I absolutely cherish this photo.
My parents arrived in Canada sometime in the 1950's via a big
boat. I can not imagine what that would have been like, I can't imagine being given all that sailing time to ponder: " what have we done? What will happen to us?" Any time I have made a life changing decision like that, the plane has already landed and debarked before I can even comprehend what I've done.
However, I believe that no matter how you come to the decision to
relocate, once you get to the destination, you just make it work.
My father told my sister and I that for the first few years of " making it work in Ontario" he had a bag packed, ready to go back to Scotland. It took my father years to come to love Ontario as his new home.
** on a side note my father had two choices for relocation dictated by employment. This always struck me as completely fascinating, but his other choice was: São Paulo Brazil! What a toss up! I mean how do you choose? Small town Ontario or São Paulo Brazil??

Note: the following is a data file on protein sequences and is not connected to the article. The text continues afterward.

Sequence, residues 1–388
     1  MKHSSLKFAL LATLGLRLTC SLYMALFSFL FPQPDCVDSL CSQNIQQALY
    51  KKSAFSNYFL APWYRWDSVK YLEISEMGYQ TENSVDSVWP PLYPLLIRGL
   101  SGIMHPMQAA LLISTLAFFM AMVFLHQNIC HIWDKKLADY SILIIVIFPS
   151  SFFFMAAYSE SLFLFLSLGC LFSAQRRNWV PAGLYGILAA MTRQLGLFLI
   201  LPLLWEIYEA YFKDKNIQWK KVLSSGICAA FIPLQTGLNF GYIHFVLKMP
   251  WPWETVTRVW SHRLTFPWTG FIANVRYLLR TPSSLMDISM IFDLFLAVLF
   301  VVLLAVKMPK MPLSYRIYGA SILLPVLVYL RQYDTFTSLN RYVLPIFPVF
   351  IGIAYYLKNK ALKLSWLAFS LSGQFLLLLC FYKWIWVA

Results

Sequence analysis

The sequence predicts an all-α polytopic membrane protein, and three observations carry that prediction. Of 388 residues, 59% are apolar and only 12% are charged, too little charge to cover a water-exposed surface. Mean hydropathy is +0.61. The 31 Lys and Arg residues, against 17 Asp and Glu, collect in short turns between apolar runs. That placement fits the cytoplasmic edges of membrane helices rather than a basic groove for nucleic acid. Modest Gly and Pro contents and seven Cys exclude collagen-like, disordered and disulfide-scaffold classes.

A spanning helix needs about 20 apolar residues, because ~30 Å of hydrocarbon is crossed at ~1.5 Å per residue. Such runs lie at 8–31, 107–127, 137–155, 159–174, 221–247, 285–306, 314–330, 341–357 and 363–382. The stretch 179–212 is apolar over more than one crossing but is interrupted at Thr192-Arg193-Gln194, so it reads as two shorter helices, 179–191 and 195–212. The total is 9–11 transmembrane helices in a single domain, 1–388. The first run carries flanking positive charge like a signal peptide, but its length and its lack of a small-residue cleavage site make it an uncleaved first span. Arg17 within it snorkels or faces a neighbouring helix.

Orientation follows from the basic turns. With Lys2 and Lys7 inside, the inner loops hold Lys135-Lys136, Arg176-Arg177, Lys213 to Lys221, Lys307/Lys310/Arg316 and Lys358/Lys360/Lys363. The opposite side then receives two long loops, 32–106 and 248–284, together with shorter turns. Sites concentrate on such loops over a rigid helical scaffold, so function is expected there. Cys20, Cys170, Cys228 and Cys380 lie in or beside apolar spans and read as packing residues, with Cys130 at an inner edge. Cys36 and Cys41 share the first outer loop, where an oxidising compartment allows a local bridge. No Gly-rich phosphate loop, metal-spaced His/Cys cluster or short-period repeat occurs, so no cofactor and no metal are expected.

Some how I bet the boat trip to Canada w my mother vs. the boat trip to Brazil won out. Still, this didn't stop my sister and I fantasizing about being raised by nannies, speaking Portuguese and going to private schools...all in jest mind you.
**Scottish parents in the 1970's and 80's meant for a myriad of slight linguistic misunderstandings, mostly by my young friends: " what did your dad just say Sheila? It sounded like he was talking about wearing a bra and eating Cheerios!??"
That would be my father commenting on what a a beautiful day it was out, and that he was away to enjoy it. " Ach wee Pat, come in, Sheelah's jis aboot ready. It's a braw dee oot, isnny a cloud in the sky. I am awaw doon the toon, cherio the new." I mean, what's to not understand?
Perhaps most importantly however, the 70's and 80's meant that my mother decided that knitting, and by knitting I mean she could have put Far East sweat shops to shame, was her job. My mother knit everything! I am surprised the 3 of us kids weren't cocooned and birthed by Phentex yarn itself.